The Reluctant Swordsman – Dave Duncan

The_Reluctant_Swordsman_-_Dave_Duncan_cover
Seventh Sword #1

Wallie Smith has died. Much to the surprise of all concerned, however, he’s turned up in the body of Shunso, Seventh-level swordsman in a world of temples, slaves, and duels. Wallie tries to do good, but then a god steps in, and Wallie has to re-evaluate his choices.

I’m not generally a fan of sidewise type stories – where an ordinary guy suddenly finds himself in another time or dimension. There have been good ones – Narnia, “Sidewise in Time”, Barsoom, “A Connecticut Yankee”, Thomas Covenant, Amber – but generally I lack interest. I am, on the other hand, a fan of Dave Duncan, and The Seventh Sword is a series I haven’t previously read. Based on this first book, he succeeds with the concept – partially.

Duncan doesn’t waste a lot of time on the setup, and none at all on the preliminaries. Wallie Smith is dead, then he’s in Shonsu, then Shonsu is effectively out. Smith accepts his new status fairly readily, and that’s that. Fine by me; we all know pretty well how these things work, by now. To his credit, Duncan focuses much more on the moral and philosophical aspect of it. Smith avoids violence; Shonsu’s world accepts it. Smith abhors slavery; in Shonsu’s world, it’s a fact of life. Smith tries to follow his original ideals, and in his new world, that’s not always the right choice. Duncan returns to this idea throughout the book. Smith makes choices that trouble him, and he stays troubled, even as he begins to see things in part by local standards.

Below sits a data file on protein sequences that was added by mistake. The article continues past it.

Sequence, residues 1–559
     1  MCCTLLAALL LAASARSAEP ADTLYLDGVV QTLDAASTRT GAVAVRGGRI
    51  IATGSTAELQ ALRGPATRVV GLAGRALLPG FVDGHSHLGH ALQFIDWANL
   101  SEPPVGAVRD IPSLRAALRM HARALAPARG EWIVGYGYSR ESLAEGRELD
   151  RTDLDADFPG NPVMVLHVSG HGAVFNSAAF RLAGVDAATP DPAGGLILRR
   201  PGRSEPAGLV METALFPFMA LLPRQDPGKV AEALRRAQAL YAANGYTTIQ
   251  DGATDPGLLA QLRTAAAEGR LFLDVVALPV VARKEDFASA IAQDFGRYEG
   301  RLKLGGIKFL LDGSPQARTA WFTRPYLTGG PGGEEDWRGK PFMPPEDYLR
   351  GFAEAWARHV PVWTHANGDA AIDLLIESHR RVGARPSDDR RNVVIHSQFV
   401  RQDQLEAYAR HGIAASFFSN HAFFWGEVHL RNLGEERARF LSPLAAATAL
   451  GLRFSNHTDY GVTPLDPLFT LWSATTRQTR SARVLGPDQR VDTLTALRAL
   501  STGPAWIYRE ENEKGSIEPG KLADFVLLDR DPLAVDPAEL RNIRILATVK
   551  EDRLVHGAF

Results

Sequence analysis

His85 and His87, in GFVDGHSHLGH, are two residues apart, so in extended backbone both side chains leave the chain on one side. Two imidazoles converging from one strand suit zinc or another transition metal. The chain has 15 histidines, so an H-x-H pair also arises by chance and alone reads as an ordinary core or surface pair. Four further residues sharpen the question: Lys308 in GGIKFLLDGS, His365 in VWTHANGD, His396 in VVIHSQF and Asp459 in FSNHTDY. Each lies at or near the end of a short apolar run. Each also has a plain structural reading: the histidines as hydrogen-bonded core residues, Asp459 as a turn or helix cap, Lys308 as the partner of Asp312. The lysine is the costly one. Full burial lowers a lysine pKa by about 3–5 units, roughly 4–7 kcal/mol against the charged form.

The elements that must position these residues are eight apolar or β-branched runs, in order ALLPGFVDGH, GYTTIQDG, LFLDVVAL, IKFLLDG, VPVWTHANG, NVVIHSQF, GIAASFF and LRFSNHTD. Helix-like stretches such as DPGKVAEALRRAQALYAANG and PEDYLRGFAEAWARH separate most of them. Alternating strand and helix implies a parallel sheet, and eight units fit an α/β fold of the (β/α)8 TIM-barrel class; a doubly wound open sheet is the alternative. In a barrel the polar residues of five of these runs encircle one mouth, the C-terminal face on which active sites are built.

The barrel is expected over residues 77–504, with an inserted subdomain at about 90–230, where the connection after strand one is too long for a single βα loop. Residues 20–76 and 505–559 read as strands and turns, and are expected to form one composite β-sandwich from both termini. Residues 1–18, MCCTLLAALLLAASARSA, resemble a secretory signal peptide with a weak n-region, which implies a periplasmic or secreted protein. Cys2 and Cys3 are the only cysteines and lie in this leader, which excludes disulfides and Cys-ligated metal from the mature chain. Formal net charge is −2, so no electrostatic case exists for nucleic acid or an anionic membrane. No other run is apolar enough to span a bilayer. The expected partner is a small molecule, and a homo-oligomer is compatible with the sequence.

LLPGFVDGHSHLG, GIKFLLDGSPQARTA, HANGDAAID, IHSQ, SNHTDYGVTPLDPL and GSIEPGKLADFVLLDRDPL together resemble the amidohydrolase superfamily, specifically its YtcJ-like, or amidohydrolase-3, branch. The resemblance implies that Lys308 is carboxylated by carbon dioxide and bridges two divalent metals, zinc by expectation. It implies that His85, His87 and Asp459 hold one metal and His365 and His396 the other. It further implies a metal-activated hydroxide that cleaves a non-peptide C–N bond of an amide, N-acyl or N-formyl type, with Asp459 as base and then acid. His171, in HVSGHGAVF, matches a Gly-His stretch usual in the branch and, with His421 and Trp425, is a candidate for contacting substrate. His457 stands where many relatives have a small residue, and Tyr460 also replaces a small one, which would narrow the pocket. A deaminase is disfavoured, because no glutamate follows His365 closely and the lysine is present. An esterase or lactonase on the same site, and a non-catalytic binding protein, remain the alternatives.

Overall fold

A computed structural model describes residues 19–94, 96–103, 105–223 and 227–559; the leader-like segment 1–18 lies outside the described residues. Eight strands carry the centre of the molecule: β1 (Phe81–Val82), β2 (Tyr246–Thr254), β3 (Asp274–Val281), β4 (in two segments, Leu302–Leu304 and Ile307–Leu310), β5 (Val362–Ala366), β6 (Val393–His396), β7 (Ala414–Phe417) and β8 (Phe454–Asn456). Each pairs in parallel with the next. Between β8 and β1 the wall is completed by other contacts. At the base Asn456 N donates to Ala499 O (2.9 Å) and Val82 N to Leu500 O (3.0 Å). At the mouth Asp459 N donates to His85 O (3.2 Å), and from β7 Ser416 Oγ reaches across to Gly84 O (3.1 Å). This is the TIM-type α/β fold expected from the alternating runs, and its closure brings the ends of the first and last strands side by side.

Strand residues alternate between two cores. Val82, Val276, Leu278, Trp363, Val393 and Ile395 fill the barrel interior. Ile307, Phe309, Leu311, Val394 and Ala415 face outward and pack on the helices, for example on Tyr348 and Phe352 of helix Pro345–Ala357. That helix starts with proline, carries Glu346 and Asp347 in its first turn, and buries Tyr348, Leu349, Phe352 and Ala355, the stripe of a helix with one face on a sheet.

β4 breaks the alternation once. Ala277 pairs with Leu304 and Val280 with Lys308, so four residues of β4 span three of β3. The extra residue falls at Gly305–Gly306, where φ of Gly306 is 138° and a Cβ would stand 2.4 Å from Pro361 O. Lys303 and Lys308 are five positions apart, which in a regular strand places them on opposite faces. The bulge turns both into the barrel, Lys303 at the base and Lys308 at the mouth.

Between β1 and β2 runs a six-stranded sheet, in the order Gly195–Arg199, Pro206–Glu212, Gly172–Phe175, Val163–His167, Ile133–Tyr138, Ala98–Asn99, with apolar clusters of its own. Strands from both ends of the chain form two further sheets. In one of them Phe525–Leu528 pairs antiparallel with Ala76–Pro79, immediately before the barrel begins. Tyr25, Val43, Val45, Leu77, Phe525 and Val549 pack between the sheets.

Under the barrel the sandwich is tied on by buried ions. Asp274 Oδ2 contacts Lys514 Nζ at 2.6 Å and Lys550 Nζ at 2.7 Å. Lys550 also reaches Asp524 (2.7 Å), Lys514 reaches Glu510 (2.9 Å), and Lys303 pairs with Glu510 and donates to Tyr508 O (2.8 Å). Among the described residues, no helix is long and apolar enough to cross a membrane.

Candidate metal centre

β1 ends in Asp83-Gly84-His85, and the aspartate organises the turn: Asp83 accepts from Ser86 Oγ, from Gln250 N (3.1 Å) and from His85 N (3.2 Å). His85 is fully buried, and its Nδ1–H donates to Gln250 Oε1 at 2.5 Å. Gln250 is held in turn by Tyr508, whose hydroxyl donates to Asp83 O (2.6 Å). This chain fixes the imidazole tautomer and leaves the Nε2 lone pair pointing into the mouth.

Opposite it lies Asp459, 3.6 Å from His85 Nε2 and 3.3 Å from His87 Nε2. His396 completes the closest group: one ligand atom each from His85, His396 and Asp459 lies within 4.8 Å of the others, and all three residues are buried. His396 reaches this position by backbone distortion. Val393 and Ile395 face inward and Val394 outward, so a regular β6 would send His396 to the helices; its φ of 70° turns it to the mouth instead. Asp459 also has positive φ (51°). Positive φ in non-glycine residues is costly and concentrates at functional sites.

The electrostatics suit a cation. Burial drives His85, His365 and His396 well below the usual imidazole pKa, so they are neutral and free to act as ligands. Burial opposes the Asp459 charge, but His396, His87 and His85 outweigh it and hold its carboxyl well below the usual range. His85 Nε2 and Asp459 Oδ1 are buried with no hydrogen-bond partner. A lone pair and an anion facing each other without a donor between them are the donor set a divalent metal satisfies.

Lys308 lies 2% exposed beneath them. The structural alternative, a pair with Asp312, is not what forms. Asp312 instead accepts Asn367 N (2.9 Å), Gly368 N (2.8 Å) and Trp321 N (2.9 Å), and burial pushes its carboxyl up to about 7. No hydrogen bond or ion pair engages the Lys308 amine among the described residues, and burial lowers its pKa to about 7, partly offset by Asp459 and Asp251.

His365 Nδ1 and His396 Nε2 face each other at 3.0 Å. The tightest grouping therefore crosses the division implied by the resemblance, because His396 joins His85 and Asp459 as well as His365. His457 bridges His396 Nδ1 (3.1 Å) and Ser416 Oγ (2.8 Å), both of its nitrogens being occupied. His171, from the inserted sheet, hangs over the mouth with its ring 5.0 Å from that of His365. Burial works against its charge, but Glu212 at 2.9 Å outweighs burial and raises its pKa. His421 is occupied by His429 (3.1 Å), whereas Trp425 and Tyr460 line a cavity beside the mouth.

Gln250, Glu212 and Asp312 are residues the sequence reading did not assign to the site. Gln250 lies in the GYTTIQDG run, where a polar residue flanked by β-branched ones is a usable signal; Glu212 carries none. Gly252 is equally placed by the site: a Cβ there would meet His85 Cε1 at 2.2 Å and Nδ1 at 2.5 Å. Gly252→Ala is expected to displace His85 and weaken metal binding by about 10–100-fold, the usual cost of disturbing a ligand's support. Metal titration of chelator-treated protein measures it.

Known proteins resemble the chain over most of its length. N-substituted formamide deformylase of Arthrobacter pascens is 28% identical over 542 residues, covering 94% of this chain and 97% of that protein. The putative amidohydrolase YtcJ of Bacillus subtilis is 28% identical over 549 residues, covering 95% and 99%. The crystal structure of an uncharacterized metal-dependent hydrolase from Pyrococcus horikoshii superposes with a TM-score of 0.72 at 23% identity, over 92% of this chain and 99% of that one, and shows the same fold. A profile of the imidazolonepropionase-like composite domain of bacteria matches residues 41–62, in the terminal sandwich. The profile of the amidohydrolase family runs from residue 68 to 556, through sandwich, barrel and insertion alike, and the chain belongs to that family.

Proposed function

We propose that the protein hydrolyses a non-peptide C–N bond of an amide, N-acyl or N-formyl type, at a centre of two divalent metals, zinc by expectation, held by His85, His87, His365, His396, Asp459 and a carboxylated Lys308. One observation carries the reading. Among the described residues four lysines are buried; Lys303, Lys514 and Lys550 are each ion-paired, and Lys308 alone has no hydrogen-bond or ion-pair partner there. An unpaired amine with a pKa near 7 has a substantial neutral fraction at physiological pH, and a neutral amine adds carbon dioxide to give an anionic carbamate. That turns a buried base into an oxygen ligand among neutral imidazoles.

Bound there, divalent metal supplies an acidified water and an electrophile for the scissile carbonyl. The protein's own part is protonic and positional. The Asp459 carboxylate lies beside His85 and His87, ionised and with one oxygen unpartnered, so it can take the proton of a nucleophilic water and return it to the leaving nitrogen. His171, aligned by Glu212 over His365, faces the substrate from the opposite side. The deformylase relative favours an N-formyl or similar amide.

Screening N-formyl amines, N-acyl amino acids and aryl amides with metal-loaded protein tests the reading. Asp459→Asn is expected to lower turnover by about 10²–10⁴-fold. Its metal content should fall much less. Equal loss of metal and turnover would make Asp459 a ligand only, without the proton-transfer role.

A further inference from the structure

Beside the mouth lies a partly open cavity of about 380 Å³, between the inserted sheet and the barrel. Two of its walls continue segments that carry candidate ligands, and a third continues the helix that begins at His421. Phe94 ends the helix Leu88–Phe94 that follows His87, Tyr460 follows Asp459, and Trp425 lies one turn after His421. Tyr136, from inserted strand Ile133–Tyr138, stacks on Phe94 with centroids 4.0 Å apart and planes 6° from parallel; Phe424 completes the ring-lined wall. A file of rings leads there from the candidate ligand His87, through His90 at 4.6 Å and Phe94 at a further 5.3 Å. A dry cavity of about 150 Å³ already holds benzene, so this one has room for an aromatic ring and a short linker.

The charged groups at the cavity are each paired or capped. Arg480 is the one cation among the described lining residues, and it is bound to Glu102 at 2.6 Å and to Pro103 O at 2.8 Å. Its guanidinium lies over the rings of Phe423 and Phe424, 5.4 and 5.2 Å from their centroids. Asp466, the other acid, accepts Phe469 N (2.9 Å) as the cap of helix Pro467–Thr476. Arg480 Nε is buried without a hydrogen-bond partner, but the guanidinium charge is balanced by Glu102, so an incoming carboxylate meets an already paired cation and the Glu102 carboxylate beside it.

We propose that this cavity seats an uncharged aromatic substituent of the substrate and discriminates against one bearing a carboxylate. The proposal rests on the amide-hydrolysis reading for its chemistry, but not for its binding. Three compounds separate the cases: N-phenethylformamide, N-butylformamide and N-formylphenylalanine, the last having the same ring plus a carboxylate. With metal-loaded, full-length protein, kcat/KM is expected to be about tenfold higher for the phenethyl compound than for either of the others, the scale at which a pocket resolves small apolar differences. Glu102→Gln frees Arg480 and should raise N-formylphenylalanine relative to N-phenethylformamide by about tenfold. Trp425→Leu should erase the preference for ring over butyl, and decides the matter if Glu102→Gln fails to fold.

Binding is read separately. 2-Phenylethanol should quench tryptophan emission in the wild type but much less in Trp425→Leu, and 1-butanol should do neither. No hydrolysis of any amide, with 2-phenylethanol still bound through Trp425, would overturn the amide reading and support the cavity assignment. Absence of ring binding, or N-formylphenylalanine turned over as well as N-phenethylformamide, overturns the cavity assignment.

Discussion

That makes slavery a difficult issue. Smith meets a sex slave, and makes an effort to do what he thinks is right. Sometimes. Early on, Smith has sex with his new slave, and I found his acceptance of the situation both uncomfortable, and not credible for his character. That discomfort continues, but it’s also true that Smith himself is uncomfortable. It’s not the one-off rationalization I feared, but a continuing examination of what to do with a slave in a world where slaves cannot be freed.

I wish that Duncan had made some different choices for his character, and it’s true that the author stays well within his accustomed light fantasy lane. But I give him credit for at least considering how to handle slavery and for having that worry be a continuing theme throughout the book. On the upside, “How do you know when your slave is happy?” is a multifaceted question. On the other hand, the key slaves are all women, and their role is largely sex and decoration oriented. I’m hopeful that will change in later books.

All in all, an interesting and surprisingly thoughtful swords-and-muscles fantasy, but one that presents some moral obstacles to enjoyment.

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